It took time, but kindergarten class of 1938 plans reunion

Picking up the telephone and scanning the names -- at least a few of which she hadn't thought about in 60 or 70 years -- Sonja Ulvi had no idea what to expect.

Picking up the telephone and scanning the names -- at least a few of which she hadn't thought about in 60 or 70 years -- Sonja Ulvi had no idea what to expect.

She was planning a class reunion this month. The class of 1938. The kindergarten class of 1938, from Stowe Elementary in Gary-New Duluth.

But with each call, any worries she might have had about whether her friends from 5 years old would remember her at 75 -- and whether they'd want to get together again -- quickly evaporated.

"When I talked to them, it was like we were never separated," said Ulvi, who lives about a mile from where she grew up. "That feeling of friendship was still so strong."

A lot of the reason for that has to do with the place Ulvi and her classmates called home as children. In the 1930s in Gary-New Duluth, everyone's father, it seemed, worked at the steel plant or the cement plant; everyone attended the same two churches; grocery stores offered credit, backed with handshakes, to families struggling to make ends meet; all the children went to Stowe; and all the grownups were from the "old country," whether it was Yugoslavia, Italy, Slovenia or elsewhere.


This was long before video games or even television.

"We only had each other in them days. We did everything together, played kick the can, ring around the rosy, or just marbles or jacks. That was our entertainment," said Ulvi, one of four kids whose father worked at Universal Atlas Cement. "You looked forward to going to school every day because you got to play together. You walked to school, and you were a little kid, and you could hardly wait to get there.

"Where we lived was all we knew," she said. "You could trust the world then. Today it's different."

Ulvi and lifelong friend Betty (Cekalla) Danielson had been talking about reuniting with their kindergarten classmates for 10 or 20 years. Serious planning started June 1, shortly after doctors found the arteries and veins in Danielson's brain tangled and performed surgery. Realizing life can be short -- and not just for Danielson, who lives in Bemidji, Minn., the wife of a minister, and whose father was a crane operator for U.S. Steel -- Ulvi started making calls.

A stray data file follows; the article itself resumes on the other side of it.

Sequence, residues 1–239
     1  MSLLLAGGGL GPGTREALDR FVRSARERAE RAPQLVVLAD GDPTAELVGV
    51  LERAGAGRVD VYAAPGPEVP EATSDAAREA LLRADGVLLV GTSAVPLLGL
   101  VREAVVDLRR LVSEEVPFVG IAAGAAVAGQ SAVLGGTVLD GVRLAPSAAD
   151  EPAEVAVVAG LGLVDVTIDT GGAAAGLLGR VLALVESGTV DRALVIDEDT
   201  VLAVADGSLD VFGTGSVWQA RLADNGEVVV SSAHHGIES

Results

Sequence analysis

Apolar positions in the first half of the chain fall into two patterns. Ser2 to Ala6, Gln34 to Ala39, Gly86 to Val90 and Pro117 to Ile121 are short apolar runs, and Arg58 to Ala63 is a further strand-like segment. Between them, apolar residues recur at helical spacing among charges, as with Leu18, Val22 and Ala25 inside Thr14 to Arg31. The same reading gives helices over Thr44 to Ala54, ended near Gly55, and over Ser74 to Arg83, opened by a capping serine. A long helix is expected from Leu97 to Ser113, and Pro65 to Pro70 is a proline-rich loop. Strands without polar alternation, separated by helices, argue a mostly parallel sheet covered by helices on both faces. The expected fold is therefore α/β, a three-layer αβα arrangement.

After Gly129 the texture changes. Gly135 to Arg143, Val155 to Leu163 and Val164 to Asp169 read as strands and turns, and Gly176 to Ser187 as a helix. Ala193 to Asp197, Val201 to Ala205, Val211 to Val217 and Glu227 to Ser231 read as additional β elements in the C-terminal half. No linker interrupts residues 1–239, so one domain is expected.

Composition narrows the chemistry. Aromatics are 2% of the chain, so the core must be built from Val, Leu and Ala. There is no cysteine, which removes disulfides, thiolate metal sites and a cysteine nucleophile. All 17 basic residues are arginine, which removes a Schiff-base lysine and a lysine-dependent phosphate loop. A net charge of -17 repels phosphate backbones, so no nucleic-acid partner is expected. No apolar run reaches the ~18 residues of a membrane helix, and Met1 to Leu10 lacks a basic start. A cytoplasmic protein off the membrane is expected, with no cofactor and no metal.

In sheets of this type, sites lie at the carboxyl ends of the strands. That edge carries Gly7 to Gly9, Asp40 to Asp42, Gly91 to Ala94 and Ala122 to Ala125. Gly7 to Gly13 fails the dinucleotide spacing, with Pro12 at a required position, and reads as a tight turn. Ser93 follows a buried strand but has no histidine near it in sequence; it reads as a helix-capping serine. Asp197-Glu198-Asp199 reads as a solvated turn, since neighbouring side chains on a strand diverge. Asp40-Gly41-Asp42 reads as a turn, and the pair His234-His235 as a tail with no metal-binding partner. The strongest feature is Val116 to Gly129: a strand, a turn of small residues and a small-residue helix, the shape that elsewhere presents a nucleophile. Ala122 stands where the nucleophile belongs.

The reunion, she decided, would be Thursday, June 26, starting at 11 a.m. and ending when everyone was talked out. The place will be St. George Serbian Orthodox Church, 1216 104th Ave. W. There'll be wine, beer, hors d'oeuvres, pigs in a blanket, fried chicken, turkey, cheesy potatoes, rolls, cake and more. At everyone's seat will be a gift bag with juice-filled wax bottles, candy cigarettes, licorice pipes and other candies and treats from the 1930s. Ulvi was able to find them on the Internet.

"I wanted to do it very, very nice. It's going to be so beautiful," she said. "I wanted it to be special -- very, very special."

The most special part? "Nearly everybody is coming," said John Stojevich, a 1938 Stowe kindergartener who also still lives in Gary-New Duluth. He helped Ulvi make calls of invitations.

Eight of the 35 students were found to be deceased. Five couldn't be located. But only two said with certainty they wouldn't be there.


The rest -- 20 kindergarteners-turned-75-year-olds from Texas, Florida, South Dakota, Eden Prairie, Minn., Owatonna, Minn., and elsewhere -- all agreed to attend. Counting spouses and guests, Ulvi is planning for a party of about 47, including, possibly, the class' former gym teacher, Jean Severance of Duluth, and its former milk lady, Lillian Rendulich of Duluth, who recalled for Ulvi that milk was 2 cents a carton in 1938. Both women are in their late 80s or 90s.

"Everyone said, 'I'd love it,' " Ulvi reported. Some also said: "I'm on my third pace maker." "I've lost several toes." "I take a bus because I don't drive anymore." ... "But I wouldn't miss it."

"People said to me, 'Is so-and-so coming? I used to like her in the first grade.' That was 69 years ago! It's hard to explain," Ulvi said. "These kids were so special."

Their bond extended through ninth grade at Stowe. Many of them went together to Morgan Park High School. After that, they scattered. Ulvi wound up in Washington, D.C., where she worked for the Army six years. She gave it up and returned to Duluth because a boy from Gary-New Duluth kept writing and then bumped into her at a friend's wedding. She fell for him and they have been married for 51 years.

Stojevich worked for U.S. Steel, just like his father, a construction foreman. He never forgot the people in his childhood, though. "We've always been close because we were all poor," he said with a laugh. "We all took care of each other. That's just the way it was back then."

And maybe the way it can be again, even for just one afternoon.

"It was such a happy time and a carefree time, and I think all of us would love to be able to go back in time and have fun together like we used to," Ulvi said. "Just to be able to sit down together again and talk; that's what the day's going to be: a lot of food and beverages and a lot of talking."

Chuck Frederick is the News Tribune's deputy editorial page editor. He can be reached at 723-5316 or .

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